Today’s Deal Radar company, Tangle.com, creates social networking tools for the faith-based and ‘family-friendly’ marketplace. Founded as GodTube.com, a video-sharing site for Christians, the company changed its name to Tangle.com in February 2009. The rebranding process came about when CEO Jason Illian decided to move from a video-sharing site to a full-fledged social networking site.
The company calculates its total available market (TAM) based on the size of its initial market, the faith-based market, which is 291 million people in the US and $5.1 trillion. When Tangle was launched, there was no clear leader in the faith-based space for video-sharing, but it is currently the leader in the marketplace with its growing user base and increasing monthly traffic. Prior to becoming Tangle.com, GodTube.com attracted up to 2.7 million unique visitors monthly. In 2008, GodTube averaged 2.025 million unique visitors, 2.928 million visitors and 25.6 million page views monthly. Further, GodTube recorded almost 40 million total visits in 2008 compared to 14 million total visits in 2007.
Tangle.com, according to the company, gets approximately 25 million page views per month; a significant percentage of the site’s audience are women and children. About 63% of the audience is between 35-49 with a high concentration of users in the South and Southeast US with the highest area of traffic in the United States from the South Atlantic region. The site also gets more than 20% of its audience from outside the US. According to Compete, the site gets 804,670 unique visitors and a total of 1,198,936 visits.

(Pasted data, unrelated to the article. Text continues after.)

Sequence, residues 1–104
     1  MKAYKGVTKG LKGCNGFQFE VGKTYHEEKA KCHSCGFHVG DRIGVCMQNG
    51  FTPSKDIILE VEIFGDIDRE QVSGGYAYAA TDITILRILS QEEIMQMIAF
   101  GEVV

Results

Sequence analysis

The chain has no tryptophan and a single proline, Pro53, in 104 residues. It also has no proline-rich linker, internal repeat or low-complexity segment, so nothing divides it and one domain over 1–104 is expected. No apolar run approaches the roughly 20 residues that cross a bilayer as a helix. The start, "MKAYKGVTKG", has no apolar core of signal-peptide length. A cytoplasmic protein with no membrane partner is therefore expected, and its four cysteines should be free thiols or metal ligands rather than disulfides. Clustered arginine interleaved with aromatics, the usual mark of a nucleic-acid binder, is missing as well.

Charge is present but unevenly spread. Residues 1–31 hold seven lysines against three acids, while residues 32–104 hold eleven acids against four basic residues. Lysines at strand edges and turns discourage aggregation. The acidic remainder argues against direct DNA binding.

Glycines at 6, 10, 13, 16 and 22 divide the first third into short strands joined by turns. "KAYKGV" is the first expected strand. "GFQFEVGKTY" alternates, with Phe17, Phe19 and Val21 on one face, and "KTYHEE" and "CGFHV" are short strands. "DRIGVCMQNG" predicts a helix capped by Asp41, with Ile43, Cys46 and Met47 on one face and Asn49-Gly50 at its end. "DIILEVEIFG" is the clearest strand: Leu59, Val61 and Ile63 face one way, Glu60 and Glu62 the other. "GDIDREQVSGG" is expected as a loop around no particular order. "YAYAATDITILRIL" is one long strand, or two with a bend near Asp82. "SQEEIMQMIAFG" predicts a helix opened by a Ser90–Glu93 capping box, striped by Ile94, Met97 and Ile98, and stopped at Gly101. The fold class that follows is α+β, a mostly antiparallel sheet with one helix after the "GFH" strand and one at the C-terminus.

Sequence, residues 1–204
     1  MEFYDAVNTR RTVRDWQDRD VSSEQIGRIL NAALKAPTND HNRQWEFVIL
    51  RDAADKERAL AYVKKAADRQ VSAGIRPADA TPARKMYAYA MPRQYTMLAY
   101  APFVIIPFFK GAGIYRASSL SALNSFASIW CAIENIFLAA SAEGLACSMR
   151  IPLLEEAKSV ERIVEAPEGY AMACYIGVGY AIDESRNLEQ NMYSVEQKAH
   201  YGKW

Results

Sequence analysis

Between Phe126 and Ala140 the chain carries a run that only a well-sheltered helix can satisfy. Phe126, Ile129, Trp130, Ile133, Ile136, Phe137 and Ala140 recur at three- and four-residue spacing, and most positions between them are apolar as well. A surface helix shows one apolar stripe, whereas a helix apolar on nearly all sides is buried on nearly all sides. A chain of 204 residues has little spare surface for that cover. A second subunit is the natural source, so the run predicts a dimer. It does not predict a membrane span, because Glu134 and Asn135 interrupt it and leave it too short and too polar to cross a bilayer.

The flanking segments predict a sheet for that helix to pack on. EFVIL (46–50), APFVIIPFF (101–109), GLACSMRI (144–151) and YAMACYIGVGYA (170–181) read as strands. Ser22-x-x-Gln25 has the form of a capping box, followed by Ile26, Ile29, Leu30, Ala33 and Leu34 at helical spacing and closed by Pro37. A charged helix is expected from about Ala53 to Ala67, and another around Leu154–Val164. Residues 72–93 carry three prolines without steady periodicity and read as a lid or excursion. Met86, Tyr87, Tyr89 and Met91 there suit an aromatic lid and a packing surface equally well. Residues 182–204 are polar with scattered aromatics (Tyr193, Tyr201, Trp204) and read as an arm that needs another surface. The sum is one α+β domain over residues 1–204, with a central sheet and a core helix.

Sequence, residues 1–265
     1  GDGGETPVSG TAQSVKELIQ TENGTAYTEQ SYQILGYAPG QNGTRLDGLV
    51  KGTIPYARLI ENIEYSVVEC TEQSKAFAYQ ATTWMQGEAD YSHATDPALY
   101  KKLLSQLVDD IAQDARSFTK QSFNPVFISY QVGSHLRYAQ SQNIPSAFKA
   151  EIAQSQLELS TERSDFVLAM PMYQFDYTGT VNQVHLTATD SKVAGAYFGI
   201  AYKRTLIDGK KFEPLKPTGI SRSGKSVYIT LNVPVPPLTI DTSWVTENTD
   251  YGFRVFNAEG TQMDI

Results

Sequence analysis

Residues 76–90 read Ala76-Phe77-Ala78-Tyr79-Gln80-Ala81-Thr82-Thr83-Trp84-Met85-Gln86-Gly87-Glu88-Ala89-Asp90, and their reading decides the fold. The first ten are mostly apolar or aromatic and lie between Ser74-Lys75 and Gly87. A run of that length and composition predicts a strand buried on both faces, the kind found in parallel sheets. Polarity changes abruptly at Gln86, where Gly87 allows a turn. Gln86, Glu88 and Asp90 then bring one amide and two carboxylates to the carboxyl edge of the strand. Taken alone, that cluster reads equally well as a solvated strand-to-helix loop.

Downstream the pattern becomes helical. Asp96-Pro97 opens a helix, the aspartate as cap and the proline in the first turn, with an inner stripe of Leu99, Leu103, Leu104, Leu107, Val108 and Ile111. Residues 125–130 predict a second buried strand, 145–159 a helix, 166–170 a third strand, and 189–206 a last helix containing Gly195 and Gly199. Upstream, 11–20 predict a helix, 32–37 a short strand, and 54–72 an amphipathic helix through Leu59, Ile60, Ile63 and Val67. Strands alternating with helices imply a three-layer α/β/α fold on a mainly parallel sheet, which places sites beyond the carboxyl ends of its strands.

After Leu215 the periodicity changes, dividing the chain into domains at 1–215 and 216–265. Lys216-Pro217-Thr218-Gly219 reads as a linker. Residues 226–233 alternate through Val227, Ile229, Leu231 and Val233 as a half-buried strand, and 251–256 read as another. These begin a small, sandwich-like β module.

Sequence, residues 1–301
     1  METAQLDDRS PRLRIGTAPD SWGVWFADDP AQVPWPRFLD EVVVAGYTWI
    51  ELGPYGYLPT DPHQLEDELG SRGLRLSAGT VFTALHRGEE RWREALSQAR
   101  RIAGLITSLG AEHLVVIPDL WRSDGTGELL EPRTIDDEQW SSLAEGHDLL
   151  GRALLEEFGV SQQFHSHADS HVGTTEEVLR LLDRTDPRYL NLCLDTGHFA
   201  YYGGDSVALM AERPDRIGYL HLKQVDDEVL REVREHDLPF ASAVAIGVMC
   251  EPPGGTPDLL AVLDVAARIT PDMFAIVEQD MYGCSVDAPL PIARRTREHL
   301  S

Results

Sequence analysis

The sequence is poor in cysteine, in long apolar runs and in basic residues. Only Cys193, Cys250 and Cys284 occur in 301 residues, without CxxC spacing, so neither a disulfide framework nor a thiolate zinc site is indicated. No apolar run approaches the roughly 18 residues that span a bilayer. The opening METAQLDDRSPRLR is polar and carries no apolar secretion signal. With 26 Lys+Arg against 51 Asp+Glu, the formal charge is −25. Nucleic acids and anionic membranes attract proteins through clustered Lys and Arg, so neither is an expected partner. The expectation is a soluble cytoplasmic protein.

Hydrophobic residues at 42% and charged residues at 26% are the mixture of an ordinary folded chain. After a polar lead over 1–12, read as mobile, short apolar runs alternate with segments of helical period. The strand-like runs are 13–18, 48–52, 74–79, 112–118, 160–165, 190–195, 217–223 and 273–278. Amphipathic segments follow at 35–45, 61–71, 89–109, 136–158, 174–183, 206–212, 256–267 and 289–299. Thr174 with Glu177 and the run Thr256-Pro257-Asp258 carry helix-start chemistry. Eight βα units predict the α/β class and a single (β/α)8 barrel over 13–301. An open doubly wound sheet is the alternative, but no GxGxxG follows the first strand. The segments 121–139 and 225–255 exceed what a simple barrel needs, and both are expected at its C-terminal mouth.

The company has raised $21 million in funding so far from individual and institutional investors. It had previously raised $2.5 million during GodTube’s launch from private investors, including Norm Miller of Interstate Batteries. Hedge fund GLG Partners is the largest investor to date, and since the inception of the organization, Big Jump Media has raised more than $21 million. However, the company is still not profitable and has just brought in in-house sales team to pursue advertising revenue generation. The entire financial engineering of the company seems utterly screwed up. A company which should have been built to profitability for about $3 million has raised $33 million and is still not profitable!
This segment is a part in the series : Deal Radar 2009